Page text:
Had the DCSS attorney appeared, they would not have appeared on your behalf, i.e. to represent you. Failing to have legal representation is not grounds for an appeal. However, if you think the judge was in error by failing to make the order retroactive to the date you filed your request for the modification, I would suggest you consult with an appellate attorney. Have that attorney review your file, the documents filed in support of and opposition to your motion (if any), and the reporter's transcript from the hearing, to determine whether you have a basis for an appeal.
Unfortunately, in most cases support modification will only be retroactive to your date of filing. In order to preserve this date, you may wish to file your own motion to modify in the future, to ensure the earliest possible filing date, rather than relying on DCSS to file for you. In addition, there may be requests that you wish to make that DCSS is not willing to address on your behalf. That being said, in relation to the current order, you should ensure that the support figure is based upon accurate information, including income and timeshare, to confirm that a zero order is the most appropriate based on your current circumstances. You may also wish to review your orders, and your experience at your last hearing, with an attorney (directly, rather than on Avvo) to determine whether there are additional avenues of relief.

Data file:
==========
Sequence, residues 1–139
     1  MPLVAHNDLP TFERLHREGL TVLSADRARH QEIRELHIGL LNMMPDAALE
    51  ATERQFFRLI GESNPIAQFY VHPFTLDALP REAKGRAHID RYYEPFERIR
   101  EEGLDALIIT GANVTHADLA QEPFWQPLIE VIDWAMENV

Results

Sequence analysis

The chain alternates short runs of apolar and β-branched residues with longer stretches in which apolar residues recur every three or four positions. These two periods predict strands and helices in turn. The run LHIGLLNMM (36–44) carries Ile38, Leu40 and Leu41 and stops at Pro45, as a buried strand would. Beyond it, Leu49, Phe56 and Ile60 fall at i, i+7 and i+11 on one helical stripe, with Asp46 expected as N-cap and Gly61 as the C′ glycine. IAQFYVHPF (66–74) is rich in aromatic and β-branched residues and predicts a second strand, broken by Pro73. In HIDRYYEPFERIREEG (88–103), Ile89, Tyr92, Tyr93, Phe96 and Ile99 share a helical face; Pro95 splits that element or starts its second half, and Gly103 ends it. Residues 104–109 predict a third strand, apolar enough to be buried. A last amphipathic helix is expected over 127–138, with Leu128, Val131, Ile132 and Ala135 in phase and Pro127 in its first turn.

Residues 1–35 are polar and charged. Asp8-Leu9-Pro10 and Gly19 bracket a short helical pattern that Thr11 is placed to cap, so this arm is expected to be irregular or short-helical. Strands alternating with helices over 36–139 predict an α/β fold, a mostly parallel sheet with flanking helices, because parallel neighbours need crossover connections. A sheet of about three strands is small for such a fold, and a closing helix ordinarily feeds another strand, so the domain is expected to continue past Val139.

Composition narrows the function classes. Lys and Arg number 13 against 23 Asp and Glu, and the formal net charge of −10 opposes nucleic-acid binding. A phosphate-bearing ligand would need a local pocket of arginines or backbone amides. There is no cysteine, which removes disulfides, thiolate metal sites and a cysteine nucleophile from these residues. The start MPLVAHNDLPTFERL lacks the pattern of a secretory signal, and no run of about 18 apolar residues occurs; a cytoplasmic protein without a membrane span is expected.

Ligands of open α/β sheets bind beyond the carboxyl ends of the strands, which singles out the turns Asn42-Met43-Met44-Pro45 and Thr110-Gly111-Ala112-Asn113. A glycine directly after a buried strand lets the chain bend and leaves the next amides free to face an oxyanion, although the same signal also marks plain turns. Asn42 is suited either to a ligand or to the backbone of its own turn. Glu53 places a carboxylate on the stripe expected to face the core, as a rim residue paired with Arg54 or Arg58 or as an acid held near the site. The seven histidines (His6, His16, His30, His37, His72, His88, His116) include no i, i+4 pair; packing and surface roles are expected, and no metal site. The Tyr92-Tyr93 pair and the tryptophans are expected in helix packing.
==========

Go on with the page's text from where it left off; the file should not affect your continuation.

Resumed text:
Best of luck to you.
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The DCSS attorney works for the benefit of the child, not the parents. As stated earlier, you may want to have an attorney review the Court order and DissoMaster calculations to ensure no mistakes were made, e.g. visitation percentage, Father's tax write offs (such as mortgage interest, property taxes, etc.) . Visitation percentage is one of the biggest factors affecting the amount that is calculated for guideline child support.
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